Miles Lopes, Statistics Department
A Residual Bootstrap for High-Dimensional Regression with Near Low-Rank Designs
We study the residual bootstrap (RB) method in the context of high-dimensional linear regression. Specifically, we analyze the distributional approximation of linear contrasts obtained from ridge regression. When regression coefficients are estimated via least squares, classical results show that RB consistently approximates the laws of contrasts, provided that p << n, where the design matrix is of size n-by-p. Up to now, relatively little work has considered how additional structure in the linear model may extend the validity of RB to the setting where p/n ~ 1. In this setting, we propose a version of RB that resamples residuals obtained from ridge regression. Our main structural assumption on the design matrix is that it is nearly low rank --- in the sense that its singular values decay according to a power-law profile. Under a few extra technical assumptions, we derive a simple criterion for ensuring that RB consistently approximates the law of a given contrast.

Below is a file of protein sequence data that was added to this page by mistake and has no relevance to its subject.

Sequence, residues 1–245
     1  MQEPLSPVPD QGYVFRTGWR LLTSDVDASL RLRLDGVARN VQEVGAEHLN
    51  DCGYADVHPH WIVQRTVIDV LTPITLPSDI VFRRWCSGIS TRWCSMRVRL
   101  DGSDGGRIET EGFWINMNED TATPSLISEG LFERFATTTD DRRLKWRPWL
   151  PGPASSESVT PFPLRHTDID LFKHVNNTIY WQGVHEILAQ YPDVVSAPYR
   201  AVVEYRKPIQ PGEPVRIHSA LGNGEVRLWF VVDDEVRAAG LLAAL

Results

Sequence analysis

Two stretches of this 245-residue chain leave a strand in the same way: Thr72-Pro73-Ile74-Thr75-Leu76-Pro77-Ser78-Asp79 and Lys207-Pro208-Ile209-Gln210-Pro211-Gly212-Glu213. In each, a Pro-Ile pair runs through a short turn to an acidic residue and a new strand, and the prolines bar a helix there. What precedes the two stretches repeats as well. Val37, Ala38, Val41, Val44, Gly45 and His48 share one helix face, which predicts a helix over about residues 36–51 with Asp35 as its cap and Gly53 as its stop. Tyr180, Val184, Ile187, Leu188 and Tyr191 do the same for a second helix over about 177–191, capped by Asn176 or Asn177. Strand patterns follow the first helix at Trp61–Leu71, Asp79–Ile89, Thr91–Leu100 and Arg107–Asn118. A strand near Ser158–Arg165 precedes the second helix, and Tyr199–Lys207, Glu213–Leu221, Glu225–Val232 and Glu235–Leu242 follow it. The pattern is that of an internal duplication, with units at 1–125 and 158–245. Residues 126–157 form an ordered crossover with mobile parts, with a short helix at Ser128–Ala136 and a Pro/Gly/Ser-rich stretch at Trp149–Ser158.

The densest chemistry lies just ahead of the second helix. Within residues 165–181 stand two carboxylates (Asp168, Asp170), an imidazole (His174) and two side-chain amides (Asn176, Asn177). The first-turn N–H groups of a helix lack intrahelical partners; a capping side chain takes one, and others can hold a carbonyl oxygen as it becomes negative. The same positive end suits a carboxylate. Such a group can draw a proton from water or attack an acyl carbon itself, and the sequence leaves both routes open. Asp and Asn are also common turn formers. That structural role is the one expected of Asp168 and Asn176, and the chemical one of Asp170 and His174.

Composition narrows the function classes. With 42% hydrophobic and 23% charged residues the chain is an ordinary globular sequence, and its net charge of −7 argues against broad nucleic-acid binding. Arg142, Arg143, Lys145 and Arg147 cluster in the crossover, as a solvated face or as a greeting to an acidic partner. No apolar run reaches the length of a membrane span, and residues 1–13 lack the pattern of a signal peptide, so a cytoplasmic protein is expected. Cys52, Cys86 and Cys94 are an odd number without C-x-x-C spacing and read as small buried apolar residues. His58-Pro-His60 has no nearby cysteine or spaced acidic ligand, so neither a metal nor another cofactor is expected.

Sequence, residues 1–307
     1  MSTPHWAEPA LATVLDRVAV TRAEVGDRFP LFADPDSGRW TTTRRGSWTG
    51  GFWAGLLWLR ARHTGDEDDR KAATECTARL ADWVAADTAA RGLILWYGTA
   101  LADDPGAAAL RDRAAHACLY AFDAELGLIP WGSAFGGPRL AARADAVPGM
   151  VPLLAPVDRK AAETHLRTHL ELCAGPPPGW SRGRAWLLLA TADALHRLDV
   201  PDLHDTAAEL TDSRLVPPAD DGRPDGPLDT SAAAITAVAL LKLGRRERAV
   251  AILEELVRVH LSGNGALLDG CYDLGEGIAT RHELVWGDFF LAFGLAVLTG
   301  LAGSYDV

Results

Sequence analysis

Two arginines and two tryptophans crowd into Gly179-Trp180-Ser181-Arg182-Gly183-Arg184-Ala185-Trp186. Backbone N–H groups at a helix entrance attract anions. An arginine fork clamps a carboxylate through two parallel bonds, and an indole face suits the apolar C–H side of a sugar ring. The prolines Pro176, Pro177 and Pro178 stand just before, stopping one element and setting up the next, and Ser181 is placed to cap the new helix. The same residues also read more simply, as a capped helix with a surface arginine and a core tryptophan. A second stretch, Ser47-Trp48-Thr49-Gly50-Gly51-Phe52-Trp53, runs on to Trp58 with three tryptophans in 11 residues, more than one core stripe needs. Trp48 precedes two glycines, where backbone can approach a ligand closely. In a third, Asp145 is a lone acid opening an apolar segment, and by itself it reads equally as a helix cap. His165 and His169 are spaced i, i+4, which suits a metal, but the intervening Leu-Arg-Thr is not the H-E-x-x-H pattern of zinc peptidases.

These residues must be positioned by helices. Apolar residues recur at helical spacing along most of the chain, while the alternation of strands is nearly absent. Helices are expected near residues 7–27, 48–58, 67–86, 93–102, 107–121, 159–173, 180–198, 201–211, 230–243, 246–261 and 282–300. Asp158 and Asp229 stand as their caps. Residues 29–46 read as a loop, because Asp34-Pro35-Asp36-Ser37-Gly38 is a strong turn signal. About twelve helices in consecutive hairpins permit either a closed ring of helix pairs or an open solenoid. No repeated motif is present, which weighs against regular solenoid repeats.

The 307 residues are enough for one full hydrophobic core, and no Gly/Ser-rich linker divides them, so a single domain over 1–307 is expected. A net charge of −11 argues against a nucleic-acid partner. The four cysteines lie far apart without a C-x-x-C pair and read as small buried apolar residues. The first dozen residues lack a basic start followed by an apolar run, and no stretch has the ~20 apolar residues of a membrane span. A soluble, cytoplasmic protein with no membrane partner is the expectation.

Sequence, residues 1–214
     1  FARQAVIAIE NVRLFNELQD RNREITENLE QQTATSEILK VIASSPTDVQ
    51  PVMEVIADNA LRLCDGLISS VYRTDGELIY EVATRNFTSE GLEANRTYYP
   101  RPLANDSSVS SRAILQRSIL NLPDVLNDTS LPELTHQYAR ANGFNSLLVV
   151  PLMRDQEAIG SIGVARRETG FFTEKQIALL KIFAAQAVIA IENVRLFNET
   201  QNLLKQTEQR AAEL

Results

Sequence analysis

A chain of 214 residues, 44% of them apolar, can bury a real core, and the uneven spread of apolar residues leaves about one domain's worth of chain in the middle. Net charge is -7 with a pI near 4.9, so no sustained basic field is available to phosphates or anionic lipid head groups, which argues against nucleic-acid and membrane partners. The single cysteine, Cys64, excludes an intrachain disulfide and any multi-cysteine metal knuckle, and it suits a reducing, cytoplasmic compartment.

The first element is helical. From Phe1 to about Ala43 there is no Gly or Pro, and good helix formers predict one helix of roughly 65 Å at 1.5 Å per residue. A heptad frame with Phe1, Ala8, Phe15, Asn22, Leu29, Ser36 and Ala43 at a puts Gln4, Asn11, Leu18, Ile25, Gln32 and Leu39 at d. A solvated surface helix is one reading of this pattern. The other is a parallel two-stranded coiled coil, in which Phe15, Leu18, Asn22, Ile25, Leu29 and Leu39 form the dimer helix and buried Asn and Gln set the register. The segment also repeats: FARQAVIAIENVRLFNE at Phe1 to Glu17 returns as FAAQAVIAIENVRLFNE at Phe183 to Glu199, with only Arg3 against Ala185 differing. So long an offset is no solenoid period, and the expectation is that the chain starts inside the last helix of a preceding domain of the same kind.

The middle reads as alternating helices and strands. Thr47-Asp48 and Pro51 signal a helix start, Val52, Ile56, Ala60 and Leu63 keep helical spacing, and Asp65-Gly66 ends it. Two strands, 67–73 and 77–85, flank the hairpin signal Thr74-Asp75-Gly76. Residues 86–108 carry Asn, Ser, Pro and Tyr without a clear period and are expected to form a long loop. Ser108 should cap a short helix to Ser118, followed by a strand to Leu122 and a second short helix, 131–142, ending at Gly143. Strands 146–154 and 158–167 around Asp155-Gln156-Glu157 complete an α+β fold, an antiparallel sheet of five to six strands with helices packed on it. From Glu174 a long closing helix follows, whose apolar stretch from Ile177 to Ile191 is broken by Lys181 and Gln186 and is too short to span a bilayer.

Phillip Moritz, EECS Department
Simulation-based Reinforcement Learning Using Policy Gradients
Reinforcement learning is an area of machine learning concerned with how agents can map observations of their environment to actions in order to maximize a given reward function. Most such problems in the real world have a high dimensional state space and the optimal mapping from observations to actions is highly nonlinear. This makes it neccessary to use a rich class of function approximators to represent policies. In the supervised setting, neural networks have proven to be effective because of their rich representational power, their compact representation and the fact that they can be optimized effectively using gradient-based optimization; because of this, many useful models like convolutional and recurrent networks have been developed. In the reinforcement learning setting, gradients of the policy can still be obtained using the likelihood ratio method. This leads to practical algorithms for reinforcement learning that do not require a model for the environment dynamics. We survey some of these policy gradient algorithms and present an algorithm ("Trust Region Policy Optimization") that is effective in practice. We present results on learning how to play ATARI games from vision data using reinforcement learning and 3d robotics walking using a modern physics simulator with realistic contact dynamics. This is joint work with John Schulman and Sergey Levine from UC Berkeley.